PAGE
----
The screenshots to the right all show calculations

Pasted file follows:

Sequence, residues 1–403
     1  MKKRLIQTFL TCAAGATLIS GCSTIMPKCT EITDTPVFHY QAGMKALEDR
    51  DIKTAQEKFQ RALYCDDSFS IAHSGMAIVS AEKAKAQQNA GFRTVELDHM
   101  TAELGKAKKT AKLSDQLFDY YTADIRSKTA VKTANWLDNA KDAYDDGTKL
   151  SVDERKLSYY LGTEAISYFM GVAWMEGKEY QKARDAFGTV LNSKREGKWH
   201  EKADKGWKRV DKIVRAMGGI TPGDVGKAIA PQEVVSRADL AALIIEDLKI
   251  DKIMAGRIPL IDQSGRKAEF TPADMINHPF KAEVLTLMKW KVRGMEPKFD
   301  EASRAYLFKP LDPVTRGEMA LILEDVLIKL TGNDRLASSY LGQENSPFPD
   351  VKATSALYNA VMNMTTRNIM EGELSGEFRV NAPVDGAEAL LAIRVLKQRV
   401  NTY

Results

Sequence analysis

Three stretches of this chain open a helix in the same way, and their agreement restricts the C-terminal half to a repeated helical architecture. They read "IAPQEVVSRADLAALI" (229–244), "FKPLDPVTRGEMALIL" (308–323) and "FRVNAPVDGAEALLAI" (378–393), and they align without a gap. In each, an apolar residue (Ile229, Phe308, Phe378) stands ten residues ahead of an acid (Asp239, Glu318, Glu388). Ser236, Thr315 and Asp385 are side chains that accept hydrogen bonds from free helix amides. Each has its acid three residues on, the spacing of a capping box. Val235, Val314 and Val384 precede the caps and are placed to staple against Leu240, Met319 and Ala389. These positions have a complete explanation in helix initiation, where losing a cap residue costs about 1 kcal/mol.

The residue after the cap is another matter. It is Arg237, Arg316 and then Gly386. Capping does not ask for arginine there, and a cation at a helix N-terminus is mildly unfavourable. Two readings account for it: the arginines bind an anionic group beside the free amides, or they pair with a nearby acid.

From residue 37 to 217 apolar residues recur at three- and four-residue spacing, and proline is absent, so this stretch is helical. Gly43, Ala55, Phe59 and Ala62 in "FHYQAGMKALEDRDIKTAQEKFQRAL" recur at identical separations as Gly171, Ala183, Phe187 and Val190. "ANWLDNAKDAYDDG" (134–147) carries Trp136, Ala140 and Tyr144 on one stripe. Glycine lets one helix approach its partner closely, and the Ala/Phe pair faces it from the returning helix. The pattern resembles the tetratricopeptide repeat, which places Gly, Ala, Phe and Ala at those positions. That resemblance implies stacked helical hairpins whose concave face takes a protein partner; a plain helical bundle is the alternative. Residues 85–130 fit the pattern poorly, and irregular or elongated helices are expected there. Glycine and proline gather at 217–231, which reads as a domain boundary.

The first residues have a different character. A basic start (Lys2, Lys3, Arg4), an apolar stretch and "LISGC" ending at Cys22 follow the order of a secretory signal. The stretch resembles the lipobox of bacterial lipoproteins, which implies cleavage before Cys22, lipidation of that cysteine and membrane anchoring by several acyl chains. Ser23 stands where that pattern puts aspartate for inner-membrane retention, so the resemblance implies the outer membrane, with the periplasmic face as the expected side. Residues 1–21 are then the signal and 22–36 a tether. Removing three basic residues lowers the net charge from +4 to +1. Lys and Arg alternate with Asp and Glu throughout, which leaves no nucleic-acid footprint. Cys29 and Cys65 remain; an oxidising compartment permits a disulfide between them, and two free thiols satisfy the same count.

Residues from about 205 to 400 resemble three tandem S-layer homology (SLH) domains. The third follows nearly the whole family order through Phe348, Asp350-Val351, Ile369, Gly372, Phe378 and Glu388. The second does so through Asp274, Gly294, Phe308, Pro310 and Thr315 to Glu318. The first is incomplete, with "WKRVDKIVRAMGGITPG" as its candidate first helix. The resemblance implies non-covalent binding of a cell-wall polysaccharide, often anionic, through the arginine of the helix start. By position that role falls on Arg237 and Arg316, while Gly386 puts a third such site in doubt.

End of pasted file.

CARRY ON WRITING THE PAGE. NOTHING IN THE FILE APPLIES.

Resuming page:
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Unformatted text preview: ess F O. The screenshots to the right all show calculations dealing with the normal curve with mean 100 and standard deviation 15. To find the area under the normal curve between two given values of your variable: 1. From the DSTR menu, select option 2:normalcdf(. 2. The normalcdf() command requires four inputs, separated by commas. You will need to find and use the , key. Those four inputs are, in order, the left bound of the region, the right bound of the region, the mean of the distribution, and the standard deviation. Press [. To find the area under the normal curve to the left or right of a particular value of your variable: 1. From the DSTR menu, select option 2:normalcdf(. 2. To find the area to the left: Because the left bound is (theoretically) q , we make up a large negative number, such as –9999, to stand in for it. The remaining inputs to normalcdf() are as before: separated by commas, we type in the right bound of the region, the mean, and standard deviation. Press [. 3. To find the area to the right: First, type in the left bound of the region. As before, we make up a large positive number to stand in for the right bound, such as 9999, and then continue with the mean and standard deviation, all separated by commas. Press [. To find the variable value associated with a given percentile: 1. From the DSTR menu, select option 3:invNorm(. 2. The command invNorm() requires three inputs, separated by commas. These three inputs are, in order, the percentile in decimal form, the mean, and the standard deviation of the distribution. Press [. The percentile can also be interpreted as the area to the left of the answer found by invNorm(). Scatterplots, Correlation, Finding the Regression Statistics, and Residual Plots (continued) To calculate correlation and the other regression statistics: 1. From the STAT menus, choose CALC. Scroll down to choose either option 4:LinReg(ax + b) or option 8:LinReg(ax + b). Your text or instructor may recommend one over the other. Note the different roles the parameters a and b play in each command. 2. The LinReg commands expect at least two inputs, the explanatory list name and the response variable list name, in that order, separated by a comma. Press [ to see the results. 3. You should see values for four statistics on your screen. If not, see the Note below. For option 8, the statistics a and b are the y-intercept and slope of the regression line. For option 4, the statistics a and b are the slope and y-intercept. The statistics r2 and r are the R-squared statistic (also called the coefficient of determination) and correlation, respectively. Note: If you are using this feature for the first time or have recently changed the batteries in your calculator you may see the results only for the a and b. To see the correlation and R-squared, you must do the following: 1. Press F and 0 to see the CATALOG of commands stored in your calculator. 2. Either scroll down to the command DiagnosticOn or press the alpha k...
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